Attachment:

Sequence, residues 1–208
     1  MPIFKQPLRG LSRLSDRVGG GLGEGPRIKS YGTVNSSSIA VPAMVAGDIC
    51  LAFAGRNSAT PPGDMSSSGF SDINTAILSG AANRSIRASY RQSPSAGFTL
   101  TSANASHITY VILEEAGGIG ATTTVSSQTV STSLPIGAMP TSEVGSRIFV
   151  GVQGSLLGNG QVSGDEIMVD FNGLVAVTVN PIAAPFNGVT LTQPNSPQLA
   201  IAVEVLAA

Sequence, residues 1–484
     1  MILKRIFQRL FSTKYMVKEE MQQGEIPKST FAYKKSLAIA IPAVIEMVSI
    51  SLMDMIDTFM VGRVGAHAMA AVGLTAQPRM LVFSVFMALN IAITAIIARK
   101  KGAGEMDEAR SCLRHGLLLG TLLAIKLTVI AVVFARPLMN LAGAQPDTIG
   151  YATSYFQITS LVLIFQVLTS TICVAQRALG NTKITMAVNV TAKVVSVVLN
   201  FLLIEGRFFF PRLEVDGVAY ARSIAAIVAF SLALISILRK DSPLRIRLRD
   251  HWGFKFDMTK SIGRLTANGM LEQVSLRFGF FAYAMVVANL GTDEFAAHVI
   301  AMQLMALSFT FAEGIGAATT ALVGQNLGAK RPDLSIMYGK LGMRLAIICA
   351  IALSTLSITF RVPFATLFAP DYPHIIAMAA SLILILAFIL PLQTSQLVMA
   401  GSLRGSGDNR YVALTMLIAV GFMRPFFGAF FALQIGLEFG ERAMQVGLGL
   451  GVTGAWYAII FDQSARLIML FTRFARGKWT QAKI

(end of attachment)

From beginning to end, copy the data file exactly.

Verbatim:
Sequence, residues 1–208
     1  MPIFKQPLRG LSRLSDRVGG GLGEGPRIKS YGTVNSSSIA VPAMVAGDIC
    51  LAFAGRNSAT PPGDMSSSGF SDINTAILSG AANRSIRASY RQSPSAGFTL
   101  TSANASHITY VILEEAGGIG ATTTVSSQTV STSLPIGAMP TSEVGSRIFV
   151  GVQGSLLGNG QVSGDEIMVD FNGLVAVTVN PIAAPFNGVT LTQPNSPQLA
   201  IAVEVLAA

Sequence, residues 1–484
     1  MILKRIFQRL FSTKYMVKEE MQQGEIPKST FAYKKSLAIA IPAVIEMVSI
    51  SLMDMIDTFM VGRVGAHAMA AVGLTAQPRM LVFSVFMALN IAITAIIARK
   101  KGAGEMDEAR SCLRHGLLLG TLLAIKLTVI AVVFARPLMN LAGAQPDTIG
   151  YATSYFQITS LVLIFQVLTS TICVAQRALG NTKITMAVNV TAKVVSVVLN
   201  FLLIEGRFFF PRLEVDGVAY ARSIAAIVAF SLALISILRK DSPLRIRLRD
   251  HWGFKFDMTK SIGRLTANGM LEQVSLRFGF FAYAMVVANL GTDEFAAHVI
   301  AMQLMALSFT FAEGIGAATT ALVGQNLGAK RPDLSIMYGK LGMRLAIICA
   351  IALSTLSITF RVPFATLFAP DYPHIIAMAA SLILILAFIL PLQTSQLVMA
   401  GSLRGSGDNR YVALTMLIAV GFMRPFFGAF FALQIGLEFG ERAMQVGLGL
   451  GVTGAWYAII FDQSARLIML FTRFARGKWT QAKI